Are you considering buying an expensive item with Bitcoin directly? Most large purchase scams involve buying cars, boats, or other high-ticket items from places like eBay Motors, Amazon, Craigslist, Offerup, and other major e-commerce sites with crypto as the payment method. Large retailers don’t normally accept cryptocurrency and if they do, it will rarely be through a direct Bitcoin transfer conducted over email. If you find yourself in this scenario, be very wary as this is likely a scam. The tell tale signs typically include:
- A purchase price much lower than typical market value. Remember, if the price is too good to be true, it probably is.
- Communication outside of the official platform. The Scammer will always try to take communications outside the official website with emails that may be spoofed or designed to look like you are communicating with the real business.
- A similar but different domain name attached to the sender’s email address. Always look carefully at the email address and ensure that the email is associated with the official website domain. Research the legitimate website and verify the email address you are corresponding with.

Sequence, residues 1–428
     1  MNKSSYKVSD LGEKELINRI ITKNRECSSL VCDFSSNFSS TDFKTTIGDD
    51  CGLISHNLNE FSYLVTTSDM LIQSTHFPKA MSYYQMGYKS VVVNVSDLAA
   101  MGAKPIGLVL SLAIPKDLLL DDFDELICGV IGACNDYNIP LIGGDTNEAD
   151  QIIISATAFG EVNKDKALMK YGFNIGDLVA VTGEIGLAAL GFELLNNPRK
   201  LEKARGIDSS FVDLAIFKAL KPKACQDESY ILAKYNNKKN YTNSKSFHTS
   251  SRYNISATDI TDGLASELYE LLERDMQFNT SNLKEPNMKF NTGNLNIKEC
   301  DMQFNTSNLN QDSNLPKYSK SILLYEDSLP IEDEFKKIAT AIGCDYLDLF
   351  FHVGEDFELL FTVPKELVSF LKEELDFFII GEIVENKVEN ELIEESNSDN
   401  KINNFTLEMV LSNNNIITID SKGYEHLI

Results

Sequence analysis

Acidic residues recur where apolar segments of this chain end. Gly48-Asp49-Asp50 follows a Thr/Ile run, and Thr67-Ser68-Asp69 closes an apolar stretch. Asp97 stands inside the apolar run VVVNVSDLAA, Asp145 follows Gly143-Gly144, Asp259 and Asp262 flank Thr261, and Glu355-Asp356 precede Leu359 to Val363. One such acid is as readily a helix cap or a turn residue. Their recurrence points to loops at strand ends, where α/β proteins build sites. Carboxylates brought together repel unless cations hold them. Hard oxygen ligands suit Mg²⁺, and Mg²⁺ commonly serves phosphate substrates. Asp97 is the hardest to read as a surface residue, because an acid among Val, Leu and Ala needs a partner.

- The buying and selling of the product is done outside of the legitimate retail website. Stop and ask yourself why would someone forgo using the website designed specifically to buy and sell the same items safely? Find the official website and contact their support team to ask if they sent the message and/or accept digital currency.
Note: If you can’t reach the support team on their website or if you are ever in doubt, reach out to our support team directly at firstname.lastname@example.org. It never hurts to ask, but it always hurts to lose your hard earned money.
In addition to the above e-commerce scams, people may also try to get deposits for apartments, AirBnBs, or in demand items like gift cards, concert tickets and electronics.
If you need to report an incident or you have fallen victim to this type of scam, reach out to our Live Chat support or submit a request at email@example.com.
Additional resources for reporting and learning about fraud: